Find Ways to Get Around the Concerns About Productivity
The results of a study conducted by Microsoft in September 2022 with more than 20,000 employees from around the world found that 85 percent of top leadership stated that hybrid working has made it difficult for them to feel confidence about the level of productivity and devotion to the job exhibited by their employees. According to Sharma, “There are times when the need to see the process and the time spent on work causes us to forget to focus on the outcome.” Keep in mind that the end product is what really matters. Are your workers keeping their word and delivering what they promised? Are the deadlines being met by them? These other considerations are more significant than micromanaging their daily activities at work. Hold them responsible for the outcomes, not the process in and of itself. Don’t rely just on the clues you see.
In point of fact, if you give your staff greater autonomy and make it clear that you value the contributions they make, you can expect them to be more productive. Explain why you have taken longer than expected to complete a project if you are an employee. You should let your manager know about any problems or obstacles. In a similar vein, if you’ve finished submitting anything ahead of schedule, you should elaborate on how you spent those extra hours working overtime to get the project done. Employers typically evaluate candidates based on two metrics: the amount of time it takes to complete the task and the quality of the work produced. “Make sure you don’t give them a reason to complain on both counts!”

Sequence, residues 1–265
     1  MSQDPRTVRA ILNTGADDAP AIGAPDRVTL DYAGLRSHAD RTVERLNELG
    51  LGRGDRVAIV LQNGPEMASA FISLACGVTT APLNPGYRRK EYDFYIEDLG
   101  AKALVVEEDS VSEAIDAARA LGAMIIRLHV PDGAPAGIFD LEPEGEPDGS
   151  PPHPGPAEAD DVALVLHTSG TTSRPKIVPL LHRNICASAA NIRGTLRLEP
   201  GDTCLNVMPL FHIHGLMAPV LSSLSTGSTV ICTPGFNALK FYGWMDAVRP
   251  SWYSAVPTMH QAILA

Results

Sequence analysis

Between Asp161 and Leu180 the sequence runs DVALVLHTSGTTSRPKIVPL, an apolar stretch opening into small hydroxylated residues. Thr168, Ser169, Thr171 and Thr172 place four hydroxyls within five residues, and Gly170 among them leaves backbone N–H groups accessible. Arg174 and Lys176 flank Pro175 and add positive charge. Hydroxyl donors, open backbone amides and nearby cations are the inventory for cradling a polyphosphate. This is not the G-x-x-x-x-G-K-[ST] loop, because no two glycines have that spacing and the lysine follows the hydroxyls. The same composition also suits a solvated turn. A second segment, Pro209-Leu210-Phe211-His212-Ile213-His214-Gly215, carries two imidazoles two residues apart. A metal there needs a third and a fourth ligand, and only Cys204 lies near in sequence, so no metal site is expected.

Build Social Capital
The significance of your professional network and contacts is referred to as social capital, and it appears that members of Generation Z comprehend it better than any other generation. A survey conducted by Accenture found that seventy-four percent of members of Generation Z want more opportunities to meet face-to-face, in comparison to sixty-six percent of members of Generation X. “In the initial years of one’s career, one needs to actively scout contacts and invest time and effort in cultivating a network both within your company and in your industry,” says Kruti Mishra, who is 25 years old and works for a boutique digital marketing and website management company. “In the initial years of one’s career, one needs to actively scout contacts and invest time and effort in cultivating a network both within your company and in your industry.” Because our firm has opted to adopt a hybrid work culture ever since the epidemic, we need to place an even greater emphasis on developing our social capital.
Not only do I make it a point to plan regular discussions and coffees with my colleagues and managers (even when there is no pressing reason for me to do so!), but I also make it a point to keep in touch with clients and other vital contacts. You never know what kinds of chances will present themselves to you, and you never know who might be helpful to your career development!
The thought of successfully navigating a hybrid workplace while also positioning oneself for success can appear to be a daunting one. However, both female employees and their managers can work towards this aim consciously and methodically to guarantee that remote working does not get in the way of gender equity in the workforce. This can be done to ensure that remote working does not interfere with gender equity in the workforce.